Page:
2. How to do a fairly simple project, one time
3. How to entertain employees, via a well known comic
4. How to motivate employees, with a new product launch, via a well known motivational speaker

Or, is our goal:
II.To empower ALL our learners with adaptive, personally relevant skills, to advance, individual, sustained performance improvement outcomes (AISPIO), with key, individually relevant, critical information?
1. How to correctly, long term, effectively and efficiently communicate to AISPIO
2. How to correctly, long term, effectively and efficiently utilize math to AISPIO
3. How to change long term, individual unproductive behavior, to individual productive behavior to AISPIO

I. Traditional, 20th century, factory based, ‘teaching’ is event based, and is one size fits all. Think only of a large lecture, a large seminar, elearning that only has a one size fits all word document to read, possibly a one size fits all video of a lecture attached.
At best, this teaching approach provides superficial, individual, initial understanding, that is soon forgotten, for 20-30% of the participants. Why not 100% of the participants? Because the pacing of the information is only ‘matched’ to a select percentage of the total. For the remainder, its too fast, or too slow, hence compounding the ‘simple’ initial understanding problem. This is absolutely appropriate for the items in I. above, where individual long term retention, resulting in advanced individual performance improvement is not the objective.

II. 21st Century, truly personalized, research based, adaptive learning, in a blended and flipped learning environment requires a paradigm change, from one size fits all teaching, to personalized, relevant learning, professionally reinforced and facilitated over time. Why? Because writing long term memories, that can lead to advanced, individual, sustained performance improvement outcomes, requires more appropriate, relevant, individual reinforcement, over time.
It’s important to understand that the one size fits all teaching approach used in I., will not empower students to achieve the outcomes desired in II. Sure, a few remarkable participants, through sheer, personal will power, dedication, common sense and luck will achieve AISPIO, but it certainly will not be an efficient process for the learner; lots and lots of trail and error.
Now that we understand the basics, why would we think that continuing with traditional one size fits all teaching, for all learning scenarios, would be appropriate?
Results: Districts Schools
Research Available, BUT Not Properly Utilized
Research

 

Learning Retention: How to Maximize Your Training Efforts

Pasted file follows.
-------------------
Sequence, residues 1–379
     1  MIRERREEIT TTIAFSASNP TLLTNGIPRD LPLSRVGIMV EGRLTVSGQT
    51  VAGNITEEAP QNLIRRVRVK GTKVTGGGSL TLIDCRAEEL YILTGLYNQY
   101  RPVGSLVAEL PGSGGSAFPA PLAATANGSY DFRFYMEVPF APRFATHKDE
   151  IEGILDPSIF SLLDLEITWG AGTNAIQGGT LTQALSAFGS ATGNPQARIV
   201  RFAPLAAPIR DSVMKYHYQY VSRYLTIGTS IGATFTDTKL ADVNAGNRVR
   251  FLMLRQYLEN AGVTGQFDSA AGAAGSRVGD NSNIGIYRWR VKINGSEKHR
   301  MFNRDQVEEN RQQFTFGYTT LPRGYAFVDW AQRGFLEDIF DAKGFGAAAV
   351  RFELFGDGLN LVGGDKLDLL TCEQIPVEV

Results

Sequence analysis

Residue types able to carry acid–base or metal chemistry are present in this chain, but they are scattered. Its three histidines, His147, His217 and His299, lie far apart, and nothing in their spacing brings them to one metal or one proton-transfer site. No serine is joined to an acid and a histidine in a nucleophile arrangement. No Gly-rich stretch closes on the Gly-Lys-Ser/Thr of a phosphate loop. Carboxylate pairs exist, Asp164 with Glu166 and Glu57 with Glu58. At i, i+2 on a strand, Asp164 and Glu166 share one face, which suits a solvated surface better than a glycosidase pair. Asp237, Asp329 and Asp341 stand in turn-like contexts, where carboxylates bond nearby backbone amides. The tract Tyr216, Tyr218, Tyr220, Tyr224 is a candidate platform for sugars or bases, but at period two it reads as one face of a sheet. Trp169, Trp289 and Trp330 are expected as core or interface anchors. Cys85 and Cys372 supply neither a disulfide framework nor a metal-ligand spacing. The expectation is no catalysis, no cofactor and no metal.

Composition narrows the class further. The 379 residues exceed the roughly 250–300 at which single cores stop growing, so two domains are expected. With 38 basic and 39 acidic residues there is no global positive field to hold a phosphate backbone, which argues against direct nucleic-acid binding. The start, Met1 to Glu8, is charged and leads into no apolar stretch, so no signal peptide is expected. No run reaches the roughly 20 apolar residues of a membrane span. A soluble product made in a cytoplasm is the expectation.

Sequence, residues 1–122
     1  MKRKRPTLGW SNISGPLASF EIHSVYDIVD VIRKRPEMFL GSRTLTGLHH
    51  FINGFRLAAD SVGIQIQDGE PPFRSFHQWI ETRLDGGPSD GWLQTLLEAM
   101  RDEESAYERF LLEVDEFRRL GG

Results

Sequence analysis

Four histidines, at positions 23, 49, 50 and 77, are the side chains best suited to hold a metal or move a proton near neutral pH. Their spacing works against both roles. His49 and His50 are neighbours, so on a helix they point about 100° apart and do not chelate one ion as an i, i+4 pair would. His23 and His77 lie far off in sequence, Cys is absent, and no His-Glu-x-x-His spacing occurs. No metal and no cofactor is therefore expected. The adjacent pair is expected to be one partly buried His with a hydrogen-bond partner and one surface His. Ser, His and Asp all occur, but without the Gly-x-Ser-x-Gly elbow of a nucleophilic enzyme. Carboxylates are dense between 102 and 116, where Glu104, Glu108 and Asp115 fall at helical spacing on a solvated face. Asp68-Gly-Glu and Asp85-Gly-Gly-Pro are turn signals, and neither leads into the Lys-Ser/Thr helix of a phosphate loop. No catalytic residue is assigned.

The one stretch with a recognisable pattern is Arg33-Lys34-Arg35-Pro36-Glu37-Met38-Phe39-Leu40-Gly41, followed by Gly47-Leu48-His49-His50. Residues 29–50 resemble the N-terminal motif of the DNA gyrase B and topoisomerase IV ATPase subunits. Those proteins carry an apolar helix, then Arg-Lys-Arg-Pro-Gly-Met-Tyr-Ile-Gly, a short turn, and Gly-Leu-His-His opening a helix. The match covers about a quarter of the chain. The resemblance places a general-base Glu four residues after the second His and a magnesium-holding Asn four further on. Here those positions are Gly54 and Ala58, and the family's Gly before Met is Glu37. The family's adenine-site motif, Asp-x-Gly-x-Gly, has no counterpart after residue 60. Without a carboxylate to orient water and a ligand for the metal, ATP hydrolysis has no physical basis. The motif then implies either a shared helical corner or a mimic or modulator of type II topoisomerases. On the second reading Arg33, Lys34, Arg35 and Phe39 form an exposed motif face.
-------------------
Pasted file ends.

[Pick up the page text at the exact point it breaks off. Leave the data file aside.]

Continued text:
Forgetting Curve – Access the Infographic, Here


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¿Qué juguetes le compro? Consejos prácticos para Padres

December 30, 2015 - By 
Por: Mgtr. Ana Elisa Villalaz S.

Una de las herramientas fundamentales para estimular y potenciar el desarrollo de un niño es el juego. Esta es la forma más rápida, práctica y divertida para aprender algo nuevo o repasar información ya aprendida. El toque “divertido” permite que se despierte una magia interna muy particular adentro del niño y esto hace que el proceso de aprendizaje sea agradable y atractivo.
A través del juego lo que hacemos es estimular el desarrollo de:
• El juego exploratorio y funcional: conocer al mundo y cómo funciona
• El juego concreto: con objetos realiza actividades de construcción y destrucción
• El juego simbólico: participa la imaginación y es espontáneo
• El juego reglado: seguimiento de reglas e instrucciones que ya vienen incorporadas en el juego o que los jugadores las inventan cada vez que lo juegan.
Cada una de las etapas del juego están relacionadas en muchas ocasiones con la edad cronológica del niño, es decir que cuando sabemos cuántos años tiene el niño, entonces sabemos el tipo de juego que está experimentando. Sin embargo, esto no funciona como una receta de cocina, ya que los niños que tienen algún retraso en el desarrollo o su proceso de maduración es más despacio de lo esperado para su edad (ya sea que el niño esté diagnosticado o no) requieren que el adulto observe de forma adecuada en qué momento o etapa se encuentra el niño para entonces escoger un juguete que realmente sea de utilidad para el niño y que este juguete estimule su proceso de aprendizaje.
Algunas recomendaciones prácticas para los padres y adultos que tienen a niños alrededor y están interesados en llevar al máximo desarrollo a los niños son:
1- Observa el niño, conoce su edad, sus intereses y preocupaciones.
2- Identifica el tipo de juego que este niño está experimentando en este momento de su vida.